The friend and I were talking about life and its facets over a cuppa at the cafeteria.
She smiled at a girl and answered my silent question ' We stayed in the same PG in Bangalore a while ago'.
'That reminds me - I must tell you about this lady who ran this facility. She was kinda screwed in the head, y'know'.
Dangle anything that remotely smells like gossip in front of a girl and you instantly get her attention. I was all ears.
Apparently this Mallu woman was married to a jerk in Mumbai. He was drunk and broke and on one fine day, was thrown out of his shack for not paying his bills. He was out on the streets with the wife, a son and a daughter.
The woman went back to Mallu-land to recover from her trauma. With noone to support her financially or emotionally, she set out to become somebody in her own right. After selling her few ornaments, she set out to Bangalore to re-build her life.
It wasn't easy. Nobody wanted to rent a place to a jobless young woman. After rejections from several landlords, one finally gave in. Now she atleast had a roof to sleep under.
This woman was a warrior, if there was one. She promptly scoured the area to find working girls who wanted accommodation. She started with one girl and has not looked back since.
Today,it's been five years since she started. She runs a PG business that accommodates close to 50 girls. She drives her own Scorpio and lives in style. She gets anything (well, almost) done, provided she gets her commission - tickets in fully booked buses, movie tickets when the show is full house, admissions for weak students in colleges and so on. Every move she makes is for cash - no free lunches!
As I listened to the story of this amazing woman, my friend was less than impressed. 'But you know what the problem is ? That woman is obsessed' she said. 'She is greedy and no amount of money can satisfy her. The hardships of life have taken away the femininity in her - she now looks, talks and dresses like a man'.
That set me thinking - when people are deeply wounded by their experiences, do they become obsessed? Are such people screwed in their heads?
Well, life hasn't been always good to me either. I've been through some really bad times myself(who hasn't?). I remember when I was a kid, I loved cameras. I thought the ability to freeze slices of time on film was absolutely wonderful.
I was the poorest (financially) among all my cousins, so asking for a camera as a birthday gift was out of the question. However, I enjoyed posing for pictures and watching pictures of strangers whenever we went to the shabby old studio near our home in the village.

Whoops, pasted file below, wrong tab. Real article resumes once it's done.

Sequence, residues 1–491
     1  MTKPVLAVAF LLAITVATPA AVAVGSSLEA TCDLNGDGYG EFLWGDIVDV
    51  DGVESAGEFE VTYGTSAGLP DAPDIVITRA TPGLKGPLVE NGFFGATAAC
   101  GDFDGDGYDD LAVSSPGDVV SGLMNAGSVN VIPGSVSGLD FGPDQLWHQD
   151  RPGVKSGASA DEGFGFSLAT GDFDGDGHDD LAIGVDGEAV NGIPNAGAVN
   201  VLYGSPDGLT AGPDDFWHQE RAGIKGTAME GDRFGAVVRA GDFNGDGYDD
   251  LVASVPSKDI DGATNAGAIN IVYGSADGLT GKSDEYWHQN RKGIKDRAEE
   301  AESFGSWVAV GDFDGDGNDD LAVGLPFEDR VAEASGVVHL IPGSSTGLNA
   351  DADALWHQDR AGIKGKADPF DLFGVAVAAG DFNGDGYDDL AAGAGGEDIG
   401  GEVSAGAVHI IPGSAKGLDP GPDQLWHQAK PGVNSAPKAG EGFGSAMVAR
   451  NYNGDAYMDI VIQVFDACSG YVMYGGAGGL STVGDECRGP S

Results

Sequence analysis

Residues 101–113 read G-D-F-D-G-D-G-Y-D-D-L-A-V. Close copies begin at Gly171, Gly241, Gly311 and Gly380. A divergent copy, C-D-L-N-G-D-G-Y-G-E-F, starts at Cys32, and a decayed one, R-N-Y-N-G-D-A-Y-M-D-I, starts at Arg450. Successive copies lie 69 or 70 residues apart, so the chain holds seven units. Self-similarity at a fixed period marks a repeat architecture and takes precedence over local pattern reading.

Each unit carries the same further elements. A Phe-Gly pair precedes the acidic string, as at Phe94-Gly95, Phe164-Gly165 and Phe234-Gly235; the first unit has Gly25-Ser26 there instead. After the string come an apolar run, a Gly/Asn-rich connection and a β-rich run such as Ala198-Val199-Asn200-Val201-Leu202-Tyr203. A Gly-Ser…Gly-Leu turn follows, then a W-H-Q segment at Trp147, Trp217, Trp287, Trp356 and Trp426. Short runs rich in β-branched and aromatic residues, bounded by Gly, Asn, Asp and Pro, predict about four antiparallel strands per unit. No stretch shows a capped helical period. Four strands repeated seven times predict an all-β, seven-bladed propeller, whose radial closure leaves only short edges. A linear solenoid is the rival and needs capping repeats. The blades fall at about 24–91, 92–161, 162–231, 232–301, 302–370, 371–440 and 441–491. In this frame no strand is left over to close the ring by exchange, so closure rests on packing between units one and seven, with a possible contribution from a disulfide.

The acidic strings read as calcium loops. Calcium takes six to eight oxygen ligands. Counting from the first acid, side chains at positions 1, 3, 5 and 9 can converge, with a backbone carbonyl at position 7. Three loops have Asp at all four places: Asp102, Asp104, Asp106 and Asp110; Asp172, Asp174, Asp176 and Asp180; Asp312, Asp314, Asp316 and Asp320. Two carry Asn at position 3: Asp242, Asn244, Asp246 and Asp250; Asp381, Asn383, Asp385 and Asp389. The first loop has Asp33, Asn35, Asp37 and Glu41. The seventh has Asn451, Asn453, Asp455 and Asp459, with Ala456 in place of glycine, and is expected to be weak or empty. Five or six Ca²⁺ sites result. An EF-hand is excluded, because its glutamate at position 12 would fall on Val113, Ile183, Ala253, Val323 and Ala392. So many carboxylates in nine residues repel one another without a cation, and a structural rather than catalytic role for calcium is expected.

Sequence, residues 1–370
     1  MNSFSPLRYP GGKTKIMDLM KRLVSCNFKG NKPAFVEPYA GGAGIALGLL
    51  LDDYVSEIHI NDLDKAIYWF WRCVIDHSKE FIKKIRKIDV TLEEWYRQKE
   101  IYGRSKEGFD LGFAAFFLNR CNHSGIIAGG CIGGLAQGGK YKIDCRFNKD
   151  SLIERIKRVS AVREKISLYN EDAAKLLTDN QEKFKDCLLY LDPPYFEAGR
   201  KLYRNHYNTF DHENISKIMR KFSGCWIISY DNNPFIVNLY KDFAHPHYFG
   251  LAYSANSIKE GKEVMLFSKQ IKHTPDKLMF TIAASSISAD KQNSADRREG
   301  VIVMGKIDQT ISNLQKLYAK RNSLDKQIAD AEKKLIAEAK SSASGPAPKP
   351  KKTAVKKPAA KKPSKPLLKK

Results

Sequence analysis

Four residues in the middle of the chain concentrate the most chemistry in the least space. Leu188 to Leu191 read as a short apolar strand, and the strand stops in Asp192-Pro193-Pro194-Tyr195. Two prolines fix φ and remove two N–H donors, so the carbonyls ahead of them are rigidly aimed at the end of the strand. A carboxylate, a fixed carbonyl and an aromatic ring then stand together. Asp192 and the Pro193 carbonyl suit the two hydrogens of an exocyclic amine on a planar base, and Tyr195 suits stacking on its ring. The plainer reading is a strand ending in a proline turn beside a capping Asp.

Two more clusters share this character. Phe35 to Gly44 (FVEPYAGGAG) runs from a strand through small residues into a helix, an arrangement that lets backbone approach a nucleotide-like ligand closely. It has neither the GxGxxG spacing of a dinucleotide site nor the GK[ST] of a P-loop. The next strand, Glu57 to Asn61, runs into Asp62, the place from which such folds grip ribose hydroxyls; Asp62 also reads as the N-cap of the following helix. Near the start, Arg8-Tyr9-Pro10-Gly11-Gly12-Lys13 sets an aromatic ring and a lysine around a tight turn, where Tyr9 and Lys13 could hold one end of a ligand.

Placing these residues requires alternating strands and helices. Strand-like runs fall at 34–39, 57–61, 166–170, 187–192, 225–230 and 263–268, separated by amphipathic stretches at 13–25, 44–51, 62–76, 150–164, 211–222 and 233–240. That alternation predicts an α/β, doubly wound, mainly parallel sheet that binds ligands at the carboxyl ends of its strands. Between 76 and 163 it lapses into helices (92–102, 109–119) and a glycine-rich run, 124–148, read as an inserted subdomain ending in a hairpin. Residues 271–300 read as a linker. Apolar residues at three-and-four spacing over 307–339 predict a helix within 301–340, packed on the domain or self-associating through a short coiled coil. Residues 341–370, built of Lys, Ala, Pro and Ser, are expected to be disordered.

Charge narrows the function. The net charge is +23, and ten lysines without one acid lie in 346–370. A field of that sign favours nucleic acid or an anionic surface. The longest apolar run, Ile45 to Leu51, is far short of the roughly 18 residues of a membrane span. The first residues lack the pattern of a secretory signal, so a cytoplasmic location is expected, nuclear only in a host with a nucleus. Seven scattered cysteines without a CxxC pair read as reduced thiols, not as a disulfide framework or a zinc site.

Once at a family function, one of my cousins proudly displayed her camera to me. I guess I was about ten years old then. As I stared at the object of my dreams with wonder and affection, I accidentally leaned over and touched it.
'Don't you touch my camera!!! she shrieked. The naive idiot that I was, I asked her 'Why not? I only want to look!'. 'Well, because you don't know anything about cameras, you don't have one, you can't have one! Now don't you dare touch and spoil my precious camera' she seethed.
I recoiled in hurt and horror, ran away, bundled myself in a corner and cried all night. My tears then gave way to determination. I would show her, I would! I would get all the cameras in the world if I could. I might be poor now, but I would learn and earn! I would someday own a camera - even if I never own anything else. I will someday get a camera way better than hers - this I promised myself.
I bought a camera with my first salary. Whenever I went abroad, I bought a few more. All sizes, shapes, features and costs. I learnt everything I could about photography. I can probably trace the history of photography with my camera collection. I still walk into every electronics shop I see and ask 'Do you sell cameras'?
The lucky ones with perfect childhoods and loving parents probably find this a little difficult to comprehend. But when life deals you a rough hand, certain seemingly insignificant incidents gets imprinted into your mind so deep that they refuse to go away. They shape and mould you into the person you are and become your obsessions.
So, I empathize with the PG woman. Her sense of helplessness when she was out on the street must have created wounds so deep she could worry about nothing else. She is probably making all this money to fill this deep void inside her - to forget her insecurities by wallowing herself in cash. But her wounds are too deep to be healed - she is now obsessed with money. And this obsession is being interpreted as greed.
Are we both screwed in our heads? I don't know and couldn't care less. But one thing I can say for sure - if you've been where we've been, you'll know why we do things the way we do.